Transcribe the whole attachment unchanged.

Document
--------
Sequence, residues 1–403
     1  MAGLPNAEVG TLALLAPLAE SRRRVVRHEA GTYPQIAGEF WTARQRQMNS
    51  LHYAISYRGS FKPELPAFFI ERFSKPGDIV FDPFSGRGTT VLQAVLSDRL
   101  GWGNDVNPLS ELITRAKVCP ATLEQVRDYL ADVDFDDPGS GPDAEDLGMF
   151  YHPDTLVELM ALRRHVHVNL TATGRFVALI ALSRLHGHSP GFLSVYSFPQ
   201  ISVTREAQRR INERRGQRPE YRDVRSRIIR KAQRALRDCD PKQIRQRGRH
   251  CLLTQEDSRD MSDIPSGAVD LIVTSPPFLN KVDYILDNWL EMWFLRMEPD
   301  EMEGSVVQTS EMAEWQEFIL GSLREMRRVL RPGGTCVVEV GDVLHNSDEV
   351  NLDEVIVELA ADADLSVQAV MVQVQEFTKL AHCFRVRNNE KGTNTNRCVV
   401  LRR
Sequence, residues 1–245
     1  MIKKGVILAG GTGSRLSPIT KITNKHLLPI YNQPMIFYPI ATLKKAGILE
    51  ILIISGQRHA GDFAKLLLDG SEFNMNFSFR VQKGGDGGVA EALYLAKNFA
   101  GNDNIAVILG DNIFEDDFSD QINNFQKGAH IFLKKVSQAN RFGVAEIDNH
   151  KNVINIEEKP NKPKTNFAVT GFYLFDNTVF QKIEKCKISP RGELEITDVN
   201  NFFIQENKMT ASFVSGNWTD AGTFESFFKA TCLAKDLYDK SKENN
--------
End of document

Sequence, residues 1–403
     1  MAGLPNAEVG TLALLAPLAE SRRRVVRHEA GTYPQIAGEF WTARQRQMNS
    51  LHYAISYRGS FKPELPAFFI ERFSKPGDIV FDPFSGRGTT VLQAVLSDRL
   101  GWGNDVNPLS ELITRAKVCP ATLEQVRDYL ADVDFDDPGS GPDAEDLGMF
   151  YHPDTLVELM ALRRHVHVNL TATGRFVALI ALSRLHGHSP GFLSVYSFPQ
   201  ISVTREAQRR INERRGQRPE YRDVRSRIIR KAQRALRDCD PKQIRQRGRH
   251  CLLTQEDSRD MSDIPSGAVD LIVTSPPFLN KVDYILDNWL EMWFLRMEPD
   301  EMEGSVVQTS EMAEWQEFIL GSLREMRRVL RPGGTCVVEV GDVLHNSDEV
   351  NLDEVIVELA ADADLSVQAV MVQVQEFTKL AHCFRVRNNE KGTNTNRCVV
   401  LRR
Sequence, residues 1–245
     1  MIKKGVILAG GTGSRLSPIT KITNKHLLPI YNQPMIFYPI ATLKKAGILE
    51  ILIISGQRHA GDFAKLLLDG SEFNMNFSFR VQKGGDGGVA EALYLAKNFA
   101  GNDNIAVILG DNIFEDDFSD QINNFQKGAH IFLKKVSQAN RFGVAEIDNH
   151  KNVINIEEKP NKPKTNFAVT GFYLFDNTVF QKIEKCKISP RGELEITDVN
   201  NFFIQENKMT ASFVSGNWTD AGTFESFFKA TCLAKDLYDK SKENN